MyFitnessPal is a handy smartphone app that we have recommended to many of our clients. It's very useful to track a person's dietary intake and it offers instant feedback - a pie chart graph showing macronutrient ratios (% protein, %carbohydrate, % fat). The app also tallies calories although we as Nutritional Therapy Practitioners steer away from calorie counting. The big nutrition picture of a client is best summarized by the amounts (by percentage) of the macronutrients they consume.
Clients may embark on different diets based on their bio-individuality. For example: The High Fat, Low Carb diet my be beneficial for some. In this case, the advantage of knowing the proportion of macronutrients allows us to make appropriate dietary changes. If the fat ratio is too low then the person knows to add good fats when dishing up their meals!
Now after introducing you to this easy food & nutrition application please be advised of the follo...
Just like your car needs a tune-up, from time to time the body needs one too.
How can you make changes though if you don't know where to begin? Is the latest diet really right for you?
Everyone wants to get into shape, shed pounds and eat healthier but each person is unique and needs to know exactly where their own focus begins.
As Nutritional Therapy practitioners (NTP’s) we have a host of nutritional assessment tools in our tool box. Our favorite one is the Nutritional Assessment questionnaire (NAQ) - a very powerful tool to help us identify areas within the body that need to be addressed.
The feedback from a client’s questionnaire is computer-plotted into 15 different categories from Upper Gastrointestinal (G.I) to Immune System. Once the priorities on the graph are identified, and other assessments considered, we as NTP’s can develop a customized plan for the client.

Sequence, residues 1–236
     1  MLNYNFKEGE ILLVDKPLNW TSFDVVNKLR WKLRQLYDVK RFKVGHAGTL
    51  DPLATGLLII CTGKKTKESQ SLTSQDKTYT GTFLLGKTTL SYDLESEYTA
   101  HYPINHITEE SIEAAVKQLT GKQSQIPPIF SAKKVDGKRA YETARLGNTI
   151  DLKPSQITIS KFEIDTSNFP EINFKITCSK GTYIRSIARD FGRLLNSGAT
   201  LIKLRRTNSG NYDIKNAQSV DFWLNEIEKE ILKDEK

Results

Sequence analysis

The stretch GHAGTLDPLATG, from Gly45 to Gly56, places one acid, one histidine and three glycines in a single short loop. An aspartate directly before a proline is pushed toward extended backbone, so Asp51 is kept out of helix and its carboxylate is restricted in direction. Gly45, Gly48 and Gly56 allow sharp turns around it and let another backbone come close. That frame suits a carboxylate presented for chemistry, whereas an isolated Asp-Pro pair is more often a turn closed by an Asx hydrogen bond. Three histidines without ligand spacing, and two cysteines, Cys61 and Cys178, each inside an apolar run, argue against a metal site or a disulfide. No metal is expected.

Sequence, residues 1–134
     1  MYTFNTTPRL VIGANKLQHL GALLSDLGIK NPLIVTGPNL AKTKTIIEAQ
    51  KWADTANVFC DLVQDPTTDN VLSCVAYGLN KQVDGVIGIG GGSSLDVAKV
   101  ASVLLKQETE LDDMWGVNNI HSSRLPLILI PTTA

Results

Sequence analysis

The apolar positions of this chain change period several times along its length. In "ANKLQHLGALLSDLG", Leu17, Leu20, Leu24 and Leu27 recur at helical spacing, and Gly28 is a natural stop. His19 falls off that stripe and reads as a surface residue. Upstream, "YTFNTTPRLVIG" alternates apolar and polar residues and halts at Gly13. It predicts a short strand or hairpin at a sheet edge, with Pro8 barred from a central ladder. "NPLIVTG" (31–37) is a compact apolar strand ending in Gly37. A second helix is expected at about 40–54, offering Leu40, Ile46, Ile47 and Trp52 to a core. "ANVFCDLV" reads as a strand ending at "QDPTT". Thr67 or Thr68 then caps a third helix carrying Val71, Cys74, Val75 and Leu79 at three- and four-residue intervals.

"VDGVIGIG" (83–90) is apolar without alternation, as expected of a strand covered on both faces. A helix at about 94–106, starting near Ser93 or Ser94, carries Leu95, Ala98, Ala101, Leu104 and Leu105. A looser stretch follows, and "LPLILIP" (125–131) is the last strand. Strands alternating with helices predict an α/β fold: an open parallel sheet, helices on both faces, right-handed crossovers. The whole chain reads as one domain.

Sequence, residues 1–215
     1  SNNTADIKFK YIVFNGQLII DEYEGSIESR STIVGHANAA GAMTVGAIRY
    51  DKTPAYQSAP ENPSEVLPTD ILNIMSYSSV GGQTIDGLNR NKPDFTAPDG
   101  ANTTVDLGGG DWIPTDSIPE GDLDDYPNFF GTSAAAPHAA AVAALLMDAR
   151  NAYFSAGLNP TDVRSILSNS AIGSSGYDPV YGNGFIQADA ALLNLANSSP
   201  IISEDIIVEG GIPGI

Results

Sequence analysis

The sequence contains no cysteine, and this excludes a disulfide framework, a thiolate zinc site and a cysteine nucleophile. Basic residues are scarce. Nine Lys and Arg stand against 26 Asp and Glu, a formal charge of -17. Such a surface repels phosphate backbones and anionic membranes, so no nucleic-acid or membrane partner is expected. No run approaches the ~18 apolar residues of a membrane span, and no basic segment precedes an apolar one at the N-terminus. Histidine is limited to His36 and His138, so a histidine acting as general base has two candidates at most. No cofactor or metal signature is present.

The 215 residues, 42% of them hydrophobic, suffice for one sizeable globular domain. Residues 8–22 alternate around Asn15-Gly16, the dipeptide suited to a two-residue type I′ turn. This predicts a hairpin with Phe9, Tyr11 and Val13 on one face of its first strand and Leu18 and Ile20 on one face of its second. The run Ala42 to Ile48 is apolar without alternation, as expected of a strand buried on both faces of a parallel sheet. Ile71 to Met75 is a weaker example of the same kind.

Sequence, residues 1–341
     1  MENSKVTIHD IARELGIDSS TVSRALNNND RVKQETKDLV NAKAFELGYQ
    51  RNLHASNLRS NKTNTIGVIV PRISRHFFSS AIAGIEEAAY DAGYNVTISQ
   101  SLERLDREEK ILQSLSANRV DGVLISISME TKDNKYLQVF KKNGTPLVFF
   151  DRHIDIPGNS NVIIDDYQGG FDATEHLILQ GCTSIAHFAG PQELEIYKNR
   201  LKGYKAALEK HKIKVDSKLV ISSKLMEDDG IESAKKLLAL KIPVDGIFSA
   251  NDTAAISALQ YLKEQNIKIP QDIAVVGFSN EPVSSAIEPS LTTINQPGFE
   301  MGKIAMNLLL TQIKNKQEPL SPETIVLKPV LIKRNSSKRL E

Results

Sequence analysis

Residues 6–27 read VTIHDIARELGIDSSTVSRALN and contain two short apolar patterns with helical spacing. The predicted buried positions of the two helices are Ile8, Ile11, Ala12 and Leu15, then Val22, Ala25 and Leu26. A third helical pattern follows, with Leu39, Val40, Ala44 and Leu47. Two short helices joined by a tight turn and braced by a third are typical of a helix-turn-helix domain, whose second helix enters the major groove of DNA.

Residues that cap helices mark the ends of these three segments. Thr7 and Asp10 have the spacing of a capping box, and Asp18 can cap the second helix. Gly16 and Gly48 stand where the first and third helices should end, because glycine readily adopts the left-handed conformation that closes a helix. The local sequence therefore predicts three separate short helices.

This is a client’s Symptom Burden Graph showing progress between April and June. The red lin...
I started writing this article back in October when my Thanksgiving Brussels sprouts were unusually bitter.
Brussels sprouts are a staple in my winter vegetable garden.
The bitter flavor is concentrated in the
centre core of the Brussels sprouts and one day I conducted a taste test trying different methods to see if the bitterness could be reduced. Even when the centre core was removed, they were still on the bitter side. I even tried brining them (brining always makes things taste better), but that didn’t help improve the flavour.
Recently, I was at the Vancouver Winter Farmer’s Market and mentioned this problem to one of the local vendors. It turns out that Brussels sprouts need cool temperatures to sweeten them and it wasn’t until mid November that we had frost and mid December before we has a long cold snap. The colder weather transformed the little beauties. Magically, the flavour softened and they became absolutely delicious!...
Our lovely 70 year old Birch tree is battling a persistent Birch Borer pest. To help combat this, we are doing some extra fall watering in order to reduce the winter stress of dehydration- a phenomenon experienced by many living things in the winter - including us humans!
As Nutritional Therapists, we take a holistic approach to health. Hydration is one of the five foundations that guide us in our quest to support a client's health.
DEHYDRATION IS CHRONIC IN OUR SOCIETY
Where's the water?
In North America, Dehydration is the most common nutritional deficiency!
Well, we think we are drinking enough liquids but some of these are simply adding to our water loss. It is a misconception that beverages like tea, coffee, fruit juice, alcohol, some sports drinks and sodas are hydrating for our bodies. The opposite is true. These liquids (some of which are tasty) are dehydrating and can be classified as diuretics. Diuretics by definition are substances that stimulate t...
Cozy up to Fall with a batch of Pumpkin Pie Smoothie. Cashews blended with pumpkin puree, almond butter, and coconut oil produce a velvety texture. Chai spice tea and fresh raw ginger are warming with anti-inflammatory and anti-oxidant benefits. Stay bundled with this good source of vitamin A, potassium, magnesium, protein and healthy fats.